Thursday, July 06, 2006

What have you done?

Public Good Project began as a 1993 investigation into stealth politics which showed there was a political convergence of business interests and domestic terrorists actively attacking the foundations of our free and open society. Subsequent Public Good investigations into the Wise Use anti-environmentalist movement, right-wing paramilitary organizing, anti-Indian activities, and public disclosure law violations, revealed ties between land speculators and right-wing paramilitary organizing.

During 1994, Public Good organized the first national research conference on right-wing paramilitary activities, produced an article Merchant of Fear on Wise Use leader Alan Gottlieb, established a computer network for investigative researchers, and assisted in the formation of a human rights task force. Public Good later provided investigative services in several major cases including the cross-burning and shotgun attack at a migrant labor camp in Whatcom County, Washington, as well as the John Salvi mass murder in Brookline, Massachusetts.

In January 1995, Public Good participated in the second national research conference on militias held by the Northwest Coalition Against Malicious Harassment, and wrote a seminal report on the ties between militias, property rights groups and white supremacists. In March of that year, Public Good documented ties between Wise Use, militias and the Snohomish County, Washington Sheriff's department. Daniel Junas' article, The Rise of the Citizen Militias, published in Covert Action Quarterly--the first accurate treatment in a major publication of the militia movement--credited Public Good researcher Paul de Armond.

Public Good was also the first source quoted in world media to accurately assign responsibility for the Oklahoma City bombing to domestic terrorists. In June 1995, Public Good published The Anti-Democratic Movement in America: More than Militias, a report which outlined the historical roots of property rights and anti-government movements. This report was cited by Loretta Ross of the Center for Democratic Renewal in testimony before Rep. Charles Shumer's congressional panel investigating right-wing terrorism in the United States.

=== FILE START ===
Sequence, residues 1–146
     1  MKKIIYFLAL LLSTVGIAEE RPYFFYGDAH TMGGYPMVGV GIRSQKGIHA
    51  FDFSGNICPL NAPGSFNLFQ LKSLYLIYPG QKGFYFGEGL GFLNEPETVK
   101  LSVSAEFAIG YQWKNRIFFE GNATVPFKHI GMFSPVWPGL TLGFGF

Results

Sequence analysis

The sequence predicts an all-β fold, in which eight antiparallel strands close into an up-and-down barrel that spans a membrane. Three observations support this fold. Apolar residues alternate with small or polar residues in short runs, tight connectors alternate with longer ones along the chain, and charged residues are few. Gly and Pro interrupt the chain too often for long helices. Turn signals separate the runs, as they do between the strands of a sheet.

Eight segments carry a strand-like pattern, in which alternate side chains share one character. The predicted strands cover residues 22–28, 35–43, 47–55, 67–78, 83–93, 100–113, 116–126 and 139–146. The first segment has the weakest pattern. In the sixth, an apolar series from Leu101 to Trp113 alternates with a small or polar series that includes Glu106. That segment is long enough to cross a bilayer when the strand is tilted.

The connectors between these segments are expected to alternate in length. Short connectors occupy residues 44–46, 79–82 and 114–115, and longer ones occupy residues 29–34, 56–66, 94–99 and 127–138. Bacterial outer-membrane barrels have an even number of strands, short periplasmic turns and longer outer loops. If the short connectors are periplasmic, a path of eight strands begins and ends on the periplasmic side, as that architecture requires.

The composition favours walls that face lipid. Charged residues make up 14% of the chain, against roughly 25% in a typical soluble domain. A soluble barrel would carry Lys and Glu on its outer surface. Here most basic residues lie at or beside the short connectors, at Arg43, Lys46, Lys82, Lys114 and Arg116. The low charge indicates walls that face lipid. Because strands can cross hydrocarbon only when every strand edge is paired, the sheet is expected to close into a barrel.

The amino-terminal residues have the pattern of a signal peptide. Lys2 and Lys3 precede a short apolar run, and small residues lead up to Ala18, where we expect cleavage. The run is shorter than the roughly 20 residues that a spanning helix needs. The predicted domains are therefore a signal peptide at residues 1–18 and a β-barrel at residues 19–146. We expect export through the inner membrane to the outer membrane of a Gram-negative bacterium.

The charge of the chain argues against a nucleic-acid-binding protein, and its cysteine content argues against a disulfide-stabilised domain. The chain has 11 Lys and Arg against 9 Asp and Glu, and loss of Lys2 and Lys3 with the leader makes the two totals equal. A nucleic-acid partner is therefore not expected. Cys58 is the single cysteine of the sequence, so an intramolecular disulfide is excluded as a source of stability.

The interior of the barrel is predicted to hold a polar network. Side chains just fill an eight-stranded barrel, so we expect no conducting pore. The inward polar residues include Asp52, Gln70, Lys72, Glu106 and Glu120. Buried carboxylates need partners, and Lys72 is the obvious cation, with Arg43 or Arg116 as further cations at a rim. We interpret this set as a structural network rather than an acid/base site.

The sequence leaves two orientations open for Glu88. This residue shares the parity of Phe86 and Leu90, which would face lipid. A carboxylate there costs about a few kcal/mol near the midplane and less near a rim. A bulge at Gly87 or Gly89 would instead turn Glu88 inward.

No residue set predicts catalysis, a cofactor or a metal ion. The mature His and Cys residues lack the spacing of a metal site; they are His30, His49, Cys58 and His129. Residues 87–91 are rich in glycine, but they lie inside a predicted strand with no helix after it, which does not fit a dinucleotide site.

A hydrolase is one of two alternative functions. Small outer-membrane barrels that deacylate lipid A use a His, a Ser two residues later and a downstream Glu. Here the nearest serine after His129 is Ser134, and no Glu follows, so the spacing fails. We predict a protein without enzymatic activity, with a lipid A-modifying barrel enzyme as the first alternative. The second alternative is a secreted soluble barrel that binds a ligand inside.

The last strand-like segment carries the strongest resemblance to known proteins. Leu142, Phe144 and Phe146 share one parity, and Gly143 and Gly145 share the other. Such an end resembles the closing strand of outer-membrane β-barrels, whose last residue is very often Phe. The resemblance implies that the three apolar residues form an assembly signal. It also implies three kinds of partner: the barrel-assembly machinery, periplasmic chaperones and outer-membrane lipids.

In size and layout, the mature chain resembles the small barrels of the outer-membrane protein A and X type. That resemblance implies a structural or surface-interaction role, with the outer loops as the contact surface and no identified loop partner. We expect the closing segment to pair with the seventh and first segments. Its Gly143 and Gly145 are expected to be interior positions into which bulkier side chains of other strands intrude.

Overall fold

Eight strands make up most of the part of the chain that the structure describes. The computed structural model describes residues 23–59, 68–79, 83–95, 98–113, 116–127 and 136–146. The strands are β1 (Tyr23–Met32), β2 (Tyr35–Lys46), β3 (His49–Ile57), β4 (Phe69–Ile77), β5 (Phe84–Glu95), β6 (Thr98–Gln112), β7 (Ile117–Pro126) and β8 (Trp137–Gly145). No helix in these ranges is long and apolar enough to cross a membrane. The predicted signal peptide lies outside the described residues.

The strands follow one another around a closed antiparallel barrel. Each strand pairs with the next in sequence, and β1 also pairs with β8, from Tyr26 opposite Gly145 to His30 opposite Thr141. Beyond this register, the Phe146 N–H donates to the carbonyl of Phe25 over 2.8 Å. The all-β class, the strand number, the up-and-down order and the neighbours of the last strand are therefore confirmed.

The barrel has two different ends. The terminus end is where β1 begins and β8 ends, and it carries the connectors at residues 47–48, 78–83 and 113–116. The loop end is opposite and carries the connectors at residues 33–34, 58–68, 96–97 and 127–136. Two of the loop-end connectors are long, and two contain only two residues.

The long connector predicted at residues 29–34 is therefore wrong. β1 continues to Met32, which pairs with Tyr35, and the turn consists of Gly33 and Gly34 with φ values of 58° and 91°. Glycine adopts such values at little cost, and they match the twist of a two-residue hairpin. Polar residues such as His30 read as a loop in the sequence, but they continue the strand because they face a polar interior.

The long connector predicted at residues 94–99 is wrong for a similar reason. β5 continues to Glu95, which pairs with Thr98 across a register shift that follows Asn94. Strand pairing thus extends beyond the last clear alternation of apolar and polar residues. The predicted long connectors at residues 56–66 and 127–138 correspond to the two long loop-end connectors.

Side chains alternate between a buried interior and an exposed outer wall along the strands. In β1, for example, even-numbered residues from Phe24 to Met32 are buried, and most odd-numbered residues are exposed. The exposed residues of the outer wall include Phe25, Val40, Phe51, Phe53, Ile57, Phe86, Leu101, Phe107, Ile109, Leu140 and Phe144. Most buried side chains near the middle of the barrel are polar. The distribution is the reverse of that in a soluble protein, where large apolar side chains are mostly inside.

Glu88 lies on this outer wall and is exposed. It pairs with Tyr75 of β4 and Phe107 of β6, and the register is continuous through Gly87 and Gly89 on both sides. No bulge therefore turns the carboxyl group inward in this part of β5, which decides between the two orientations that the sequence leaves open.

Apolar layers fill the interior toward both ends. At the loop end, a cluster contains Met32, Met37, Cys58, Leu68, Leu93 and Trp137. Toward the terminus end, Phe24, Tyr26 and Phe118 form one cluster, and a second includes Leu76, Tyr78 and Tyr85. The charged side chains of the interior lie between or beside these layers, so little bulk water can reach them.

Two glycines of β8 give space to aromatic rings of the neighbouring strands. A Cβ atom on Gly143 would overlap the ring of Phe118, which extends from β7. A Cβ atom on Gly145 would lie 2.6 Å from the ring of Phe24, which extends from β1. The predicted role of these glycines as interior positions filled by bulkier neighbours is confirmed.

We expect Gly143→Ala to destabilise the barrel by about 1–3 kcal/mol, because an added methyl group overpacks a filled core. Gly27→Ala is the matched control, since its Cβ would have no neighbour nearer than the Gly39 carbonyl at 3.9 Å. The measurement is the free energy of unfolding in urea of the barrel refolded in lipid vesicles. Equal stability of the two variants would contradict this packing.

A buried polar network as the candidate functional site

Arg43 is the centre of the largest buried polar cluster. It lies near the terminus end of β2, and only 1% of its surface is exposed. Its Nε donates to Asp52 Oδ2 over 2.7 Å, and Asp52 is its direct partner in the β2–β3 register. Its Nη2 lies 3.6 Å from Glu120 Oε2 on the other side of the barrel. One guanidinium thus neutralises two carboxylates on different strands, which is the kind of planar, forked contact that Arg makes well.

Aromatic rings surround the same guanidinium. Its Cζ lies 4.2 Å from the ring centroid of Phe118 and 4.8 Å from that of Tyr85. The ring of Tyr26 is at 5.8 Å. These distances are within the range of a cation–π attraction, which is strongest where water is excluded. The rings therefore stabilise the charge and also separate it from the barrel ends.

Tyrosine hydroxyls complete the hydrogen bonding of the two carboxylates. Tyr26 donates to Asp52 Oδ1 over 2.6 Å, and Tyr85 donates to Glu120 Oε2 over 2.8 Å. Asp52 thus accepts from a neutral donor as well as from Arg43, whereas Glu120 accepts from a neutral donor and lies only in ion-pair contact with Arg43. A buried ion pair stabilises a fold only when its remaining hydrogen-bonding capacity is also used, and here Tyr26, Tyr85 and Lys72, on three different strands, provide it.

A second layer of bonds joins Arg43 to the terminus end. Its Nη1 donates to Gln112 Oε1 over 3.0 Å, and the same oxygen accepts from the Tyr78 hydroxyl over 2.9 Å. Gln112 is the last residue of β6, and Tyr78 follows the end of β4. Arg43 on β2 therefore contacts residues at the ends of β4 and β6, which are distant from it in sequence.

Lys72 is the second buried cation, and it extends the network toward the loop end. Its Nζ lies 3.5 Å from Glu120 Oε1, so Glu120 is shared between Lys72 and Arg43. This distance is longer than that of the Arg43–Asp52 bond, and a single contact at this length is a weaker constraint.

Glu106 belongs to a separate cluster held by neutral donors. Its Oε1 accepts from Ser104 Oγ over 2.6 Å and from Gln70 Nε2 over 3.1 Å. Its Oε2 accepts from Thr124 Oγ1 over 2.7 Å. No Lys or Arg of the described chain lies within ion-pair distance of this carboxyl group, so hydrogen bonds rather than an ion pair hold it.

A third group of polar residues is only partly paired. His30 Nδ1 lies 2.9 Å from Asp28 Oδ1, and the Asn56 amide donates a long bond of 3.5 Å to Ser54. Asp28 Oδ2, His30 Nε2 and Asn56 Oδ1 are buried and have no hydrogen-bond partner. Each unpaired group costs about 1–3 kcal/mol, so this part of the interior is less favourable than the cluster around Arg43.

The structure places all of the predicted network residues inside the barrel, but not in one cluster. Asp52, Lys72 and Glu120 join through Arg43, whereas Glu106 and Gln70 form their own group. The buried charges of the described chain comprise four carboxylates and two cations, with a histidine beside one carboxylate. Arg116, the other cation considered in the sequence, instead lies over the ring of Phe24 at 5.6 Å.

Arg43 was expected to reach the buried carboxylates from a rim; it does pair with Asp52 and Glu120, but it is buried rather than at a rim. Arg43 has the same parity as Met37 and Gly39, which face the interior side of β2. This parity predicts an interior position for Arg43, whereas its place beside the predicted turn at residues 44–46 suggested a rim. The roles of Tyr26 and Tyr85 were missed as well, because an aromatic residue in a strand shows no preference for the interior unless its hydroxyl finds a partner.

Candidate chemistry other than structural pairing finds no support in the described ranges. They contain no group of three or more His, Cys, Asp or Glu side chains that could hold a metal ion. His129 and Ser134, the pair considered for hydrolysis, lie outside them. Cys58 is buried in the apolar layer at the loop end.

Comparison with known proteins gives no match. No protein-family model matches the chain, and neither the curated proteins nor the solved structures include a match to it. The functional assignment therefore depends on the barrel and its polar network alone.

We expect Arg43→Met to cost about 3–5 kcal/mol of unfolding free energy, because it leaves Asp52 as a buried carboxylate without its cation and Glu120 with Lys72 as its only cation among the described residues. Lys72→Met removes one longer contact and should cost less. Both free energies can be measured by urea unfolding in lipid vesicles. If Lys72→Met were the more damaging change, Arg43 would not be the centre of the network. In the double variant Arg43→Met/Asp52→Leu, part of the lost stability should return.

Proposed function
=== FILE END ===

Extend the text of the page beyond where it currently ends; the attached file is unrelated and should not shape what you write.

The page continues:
Public Good's 1995 acclaimed report Wise Use in Northern Puget Sound detailed the history of the rise of Wise Use stealth politics, and provides extensive information on the genesis of the political mainstreaming of Wise Use and its Christian-Patriot allies in the Puget Sound region. This Public Good investigation into far-right terrrorism was featured in front page stories detailing the collaboration of law enforcement with far-right militiants and white supremacists. Public Good later helped organize and promote the national anti-hate crime drive, "Not In Our Town."

Public Good investigations into the Washington State Militia--a front group for anti-government white supremacists--led to federal indictments on conspiracy, firearms and explosives charges. A Public Good investigation into the Fortuna Alliance fraud ring became the largest case ever handled by the Federal Trade Commission involving use of the internet.

In the fall of 1996, Public Good prepared a fact-finding report on the specific ties between Wise Use leader Skip Richards and militia organizing that has been credited by Richards for his loss by a landslide in his Washington State Senate race. Since then, Public Good has been involved in assisting grassroots groups and individuals across the US fighting such things as institutional corruption, criminal slumlords, and anti-immigrant vigilantes. Whistle-blowers, tenant advocates, and undocumented workers have all benefitted from our help.


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